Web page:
“Artists’ belongings could be roughly divided into two categories: ‘Materials,’ or things that can become part of the artwork, such as cloth, thread, buttons, and clay, and ‘Tools,’ such as needles, color palettes, and patterns,” Kondo says. “If artists have many things to tidy, they can create subcategories, for instance dividing ‘Tools’ into ‘Brushes’ and ‘Threads.’” She recommends that each category be tidied completely before moving on to the next.
Sophia Narrett categorizes her embroidery thread by color, which keeps the tangle-prone material relatively in check. “I use the lids from large plastic storage bins as palettes. One holds blues, one is for greens, another is reds, pinks and purples, the fourth is yellows and oranges, and the fifth is neutrals,” she says. “I’ll sort them when I begin a large piece, but as the piece develops the palettes get progressively wilder.”
4. Keep only materials that spark joy and let go of the rest
In The Life-Changing Magic of Tidying Up, Kondo suggests holding each object, asking yourself if it sparks joy, and discarding anything that doesn’t meet that standard. She specifies that “an artist might determine which materials spark joy by imagining how they would feel using them in future projects.”
For painter Rachel Schmidhofer, this question presents the biggest organizing challenge. “Which objects are actually generating ideas and which ones are an impediment to the physical and mental clarity I need to make the next thing?” she wonders. Schmidhofer’s still lifes and domestic scenes are deceptively calm—a goldfish lazing in a fishtank or crystals displayed in a specimen box—but their surfaces are often drippy or jittery, suggesting a tension between order and disarray. “I’ve started to view the inside of my studio as a reflection of the inside of my mind,” the artist says. “There’s definitely a relationship between clutter in my space, anxious thoughts in my brain, and scatteredness in my paintings.”
5. Always remember to thank your work
An essential element of Kondo’s method is showing appreciation for the objects we use and enjoy. “It’s a good practice to express gratitude toward artwork, whether out loud or in your heart by saying, ‘Thank you for making me happy,’” she tells me.
This appreciation for objects and the suggestion that they have an inner life is a familiar idea to many artists. Peters is sensitive to the sadness of neglected things and observes that “if you have objects that are not picked up and touched, you can almost sense their unhappiness at collecting dust.” Schmidhofer, on the other hand, wonders what our clutter is saying about us behind our backs: “Sometimes when I open someone’s refrigerator door it almost feels like I can hear the echo of the old, half-empty condiments chattering to each other. I love to think about what societies of objects might talk about when people aren’t listening.”
Kondo also suggests that artists might find it rewarding to send their work out into the world already imbued with feelings of gratitude. “The artist can send positive energy to the people who might buy or experience the artwork,” she says. “For example, whenever I find my book in the store, I always pat the front cover and say in my heart, ‘Please make the person who purchases you happy.’”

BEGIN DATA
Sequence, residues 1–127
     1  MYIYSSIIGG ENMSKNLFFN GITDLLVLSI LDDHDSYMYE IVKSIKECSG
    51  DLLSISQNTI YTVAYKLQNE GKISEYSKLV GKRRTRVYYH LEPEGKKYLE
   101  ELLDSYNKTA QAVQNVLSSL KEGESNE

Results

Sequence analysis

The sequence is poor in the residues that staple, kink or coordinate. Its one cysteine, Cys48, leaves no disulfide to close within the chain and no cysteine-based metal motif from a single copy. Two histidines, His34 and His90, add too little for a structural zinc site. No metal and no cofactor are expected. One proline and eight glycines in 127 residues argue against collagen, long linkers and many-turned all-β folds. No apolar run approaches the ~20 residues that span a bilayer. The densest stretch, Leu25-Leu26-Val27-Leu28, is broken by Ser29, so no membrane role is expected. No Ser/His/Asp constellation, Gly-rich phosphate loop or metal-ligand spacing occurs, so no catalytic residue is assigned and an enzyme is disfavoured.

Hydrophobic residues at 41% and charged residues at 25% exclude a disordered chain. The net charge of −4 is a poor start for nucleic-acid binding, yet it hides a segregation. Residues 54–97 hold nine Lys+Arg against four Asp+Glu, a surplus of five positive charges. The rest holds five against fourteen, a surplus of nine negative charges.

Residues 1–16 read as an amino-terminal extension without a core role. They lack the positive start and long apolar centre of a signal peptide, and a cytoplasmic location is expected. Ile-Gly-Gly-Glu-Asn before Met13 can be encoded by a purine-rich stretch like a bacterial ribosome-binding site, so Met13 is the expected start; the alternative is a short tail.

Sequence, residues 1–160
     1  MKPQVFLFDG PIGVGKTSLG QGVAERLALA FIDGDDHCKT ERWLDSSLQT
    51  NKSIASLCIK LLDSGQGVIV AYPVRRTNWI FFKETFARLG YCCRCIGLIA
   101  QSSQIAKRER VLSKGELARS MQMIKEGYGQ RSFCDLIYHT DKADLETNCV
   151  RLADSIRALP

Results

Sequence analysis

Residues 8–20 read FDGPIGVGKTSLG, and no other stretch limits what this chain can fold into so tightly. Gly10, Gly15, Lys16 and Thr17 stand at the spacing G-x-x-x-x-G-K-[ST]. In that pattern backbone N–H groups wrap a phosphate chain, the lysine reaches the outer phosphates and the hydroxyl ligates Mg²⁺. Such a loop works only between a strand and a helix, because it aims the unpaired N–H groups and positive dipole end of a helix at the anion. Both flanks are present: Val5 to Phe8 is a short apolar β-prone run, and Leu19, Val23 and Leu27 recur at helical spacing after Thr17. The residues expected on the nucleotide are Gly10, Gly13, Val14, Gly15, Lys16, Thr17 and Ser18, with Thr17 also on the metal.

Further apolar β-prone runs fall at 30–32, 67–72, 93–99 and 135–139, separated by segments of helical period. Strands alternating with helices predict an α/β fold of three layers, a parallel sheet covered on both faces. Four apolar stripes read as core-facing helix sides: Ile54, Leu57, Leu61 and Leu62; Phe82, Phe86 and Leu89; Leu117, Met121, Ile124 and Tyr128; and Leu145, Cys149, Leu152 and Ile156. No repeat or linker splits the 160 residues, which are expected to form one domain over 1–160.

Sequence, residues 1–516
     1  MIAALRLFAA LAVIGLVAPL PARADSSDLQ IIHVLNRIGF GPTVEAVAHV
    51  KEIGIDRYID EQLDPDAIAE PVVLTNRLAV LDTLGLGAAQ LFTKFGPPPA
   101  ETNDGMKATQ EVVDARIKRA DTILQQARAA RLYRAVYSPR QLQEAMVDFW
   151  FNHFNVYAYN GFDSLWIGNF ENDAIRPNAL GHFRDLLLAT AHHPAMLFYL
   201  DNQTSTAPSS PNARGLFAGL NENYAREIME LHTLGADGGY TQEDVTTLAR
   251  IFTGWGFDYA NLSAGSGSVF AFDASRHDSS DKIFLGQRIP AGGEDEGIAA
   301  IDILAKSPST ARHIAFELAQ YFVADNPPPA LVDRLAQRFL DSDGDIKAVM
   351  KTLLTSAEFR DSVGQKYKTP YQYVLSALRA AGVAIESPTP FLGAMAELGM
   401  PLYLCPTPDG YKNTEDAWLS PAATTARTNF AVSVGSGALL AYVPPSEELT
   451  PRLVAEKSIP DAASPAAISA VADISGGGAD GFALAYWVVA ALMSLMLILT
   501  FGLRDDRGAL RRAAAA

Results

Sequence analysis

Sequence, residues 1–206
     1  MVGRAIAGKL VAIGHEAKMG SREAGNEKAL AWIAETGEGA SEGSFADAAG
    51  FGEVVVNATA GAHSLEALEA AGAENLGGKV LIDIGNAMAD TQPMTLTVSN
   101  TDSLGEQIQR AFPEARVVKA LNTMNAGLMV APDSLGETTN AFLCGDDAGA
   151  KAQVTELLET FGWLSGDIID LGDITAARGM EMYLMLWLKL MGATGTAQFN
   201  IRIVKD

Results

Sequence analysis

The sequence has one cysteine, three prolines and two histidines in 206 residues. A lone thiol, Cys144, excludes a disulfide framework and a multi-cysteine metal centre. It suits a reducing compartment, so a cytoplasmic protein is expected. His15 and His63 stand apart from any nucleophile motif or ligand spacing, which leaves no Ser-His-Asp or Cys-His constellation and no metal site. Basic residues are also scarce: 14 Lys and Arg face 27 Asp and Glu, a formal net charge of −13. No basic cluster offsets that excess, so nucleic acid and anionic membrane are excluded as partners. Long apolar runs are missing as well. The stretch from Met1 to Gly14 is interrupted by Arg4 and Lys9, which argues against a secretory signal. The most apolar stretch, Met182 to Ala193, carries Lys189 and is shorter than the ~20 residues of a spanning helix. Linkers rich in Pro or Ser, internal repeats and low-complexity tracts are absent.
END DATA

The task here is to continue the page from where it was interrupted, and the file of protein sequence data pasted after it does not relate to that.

At some point in its 22-year history, the Victoria's Secret Fashion Showbecame the be-all, end-all gig for bright-eyed models everywhere. With just 50-odd spots (many of which are reserved for contracted Angels), the casting process is notoriously competitive, to the extent that Gigi Hadid — whose genetic makeup basically established her to be a shoe-in — had to audition twice before finally making the cut in 2015. Alas, VSFS hopefuls still show up to the lingerie giant's New York City headquarters year after year with their books in hand, aspiring to at least score a spot in the runway show's more covered-up, cutesy Pink section.
VSFS castings for the 2017 extravaganza kicked off late last week, significantly earlier than in years past, and photographers have been quick to document the gaggles of long-legged humans flocking to Ed Razek & Co in droves. In analyzing the shots, we noticed some undeniable outfit similarities among models — an unofficial dress code, if you will. Let's review it below, shall we?
1. HEAD-TO-TOE BLACK.
It's the color of New York. It's also the color of "cool." Don't mess this up.
If you don't wear a cropped shirt, how will the casting directors know you even have abs?
3. A DESIGNER HANDBAG.
No regular purse will do in this competitive scenario.
4. A BLOWOUT.
The actual runway show will likely provide hair extensions and Beachwavers aplenty, but for the casting process, you're on your own.
5. YOUR BOOK, BUT YOU HAVE TO CARRY IT IN YOUR HANDS.
Do not put it in your bag where no one on the street can see it — are you kidding me?
6. THE ABS THING AGAIN.
7. MORE ABS.
8. YOU DIDN'T PAY YOUR DOGPOUND TRAINER FOR NOTHING.
9. IF YOU'RE A FIRST-TIMER, A BUDDY.
Surely your agency can set up a playdate. Moral support is crucial in situations like these.
10. MILE-LONG LEGS.
Wear heels to make sure everyone knows how long they really are.
11. AND FINALLY, INSTAGRAM FOLLOWERS.
We all know how the game is played by now. Get those numbers up as fast as you can, ladies.
Good luck to all of the models auditioning this year. May the Angels smile upon you.